Bridging the gap between face-to-face and online teaching : a case study exploring tutors’ early experiences of teaching online in a UK university 2009-2012
AbstractThis thesis explores the early experiences of online teaching of a group of tutors employed by a UK post-1992 University, to tutor a group of students in an online module. Using qualitative case study methodology, and drawing on the theories of Communities of Practice, Learning Cultures and Community of Inquiry, this research reveals that for most of the case-study tutors, teaching online was very different from their normal teaching practice, and some of these tutors were very anxious about the changes. Most of the tutors spoke about teaching online in terms of a deficit model, seeing it as deficient in relation to face-to-face teaching, and often tried to replicate face-to-face teaching practices online. The majority of tutors reported that the aspects they valued about teaching were missing from the online environment, such as nonverbal communication and the dynamics of a live classroom situation. Issues for the case-study tutors included building relationships with students online, time management and workload, and factors relating to role and identity. The research also reveals the importance of peer support in the transition to online teaching, and the value of tutors having experience of being an online student themselves. In addition, the study identifies the strengths and limitations of Communities of Practice and the other theoretical models used when applying them to tutors’ early experiences of teaching online.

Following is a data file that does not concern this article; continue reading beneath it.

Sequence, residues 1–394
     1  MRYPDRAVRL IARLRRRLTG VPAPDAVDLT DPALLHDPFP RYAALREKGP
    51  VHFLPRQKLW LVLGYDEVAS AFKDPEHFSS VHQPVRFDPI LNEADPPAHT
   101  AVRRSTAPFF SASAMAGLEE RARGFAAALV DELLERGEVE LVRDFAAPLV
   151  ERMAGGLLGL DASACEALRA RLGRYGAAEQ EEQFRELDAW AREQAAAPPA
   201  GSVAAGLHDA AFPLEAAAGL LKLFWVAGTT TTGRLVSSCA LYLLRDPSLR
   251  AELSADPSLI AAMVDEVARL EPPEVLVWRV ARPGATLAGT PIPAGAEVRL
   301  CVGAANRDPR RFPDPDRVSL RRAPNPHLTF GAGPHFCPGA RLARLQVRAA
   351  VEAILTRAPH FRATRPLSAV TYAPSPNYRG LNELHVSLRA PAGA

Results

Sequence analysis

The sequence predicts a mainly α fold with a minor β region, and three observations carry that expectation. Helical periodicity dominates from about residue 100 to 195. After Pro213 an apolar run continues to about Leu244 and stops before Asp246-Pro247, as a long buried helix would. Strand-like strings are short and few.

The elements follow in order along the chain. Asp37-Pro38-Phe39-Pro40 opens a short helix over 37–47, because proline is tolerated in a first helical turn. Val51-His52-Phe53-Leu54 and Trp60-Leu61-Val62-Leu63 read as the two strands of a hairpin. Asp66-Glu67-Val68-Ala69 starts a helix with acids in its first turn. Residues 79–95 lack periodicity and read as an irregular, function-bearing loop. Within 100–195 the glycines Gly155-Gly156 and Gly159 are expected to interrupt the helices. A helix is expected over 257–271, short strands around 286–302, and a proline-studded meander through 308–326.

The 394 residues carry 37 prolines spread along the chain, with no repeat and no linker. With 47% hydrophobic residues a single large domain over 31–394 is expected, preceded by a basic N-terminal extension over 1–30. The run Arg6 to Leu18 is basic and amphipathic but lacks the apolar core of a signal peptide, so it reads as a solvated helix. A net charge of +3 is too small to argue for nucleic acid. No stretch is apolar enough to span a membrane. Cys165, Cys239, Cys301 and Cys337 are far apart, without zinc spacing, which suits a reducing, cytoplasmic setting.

Folley, Susan (2013) Bridging the gap between face-to-face and online teaching : a case study exploring tutors’ early experiences of teaching online in a UK university 2009-2012. Doctoral thesis, University of Huddersfield.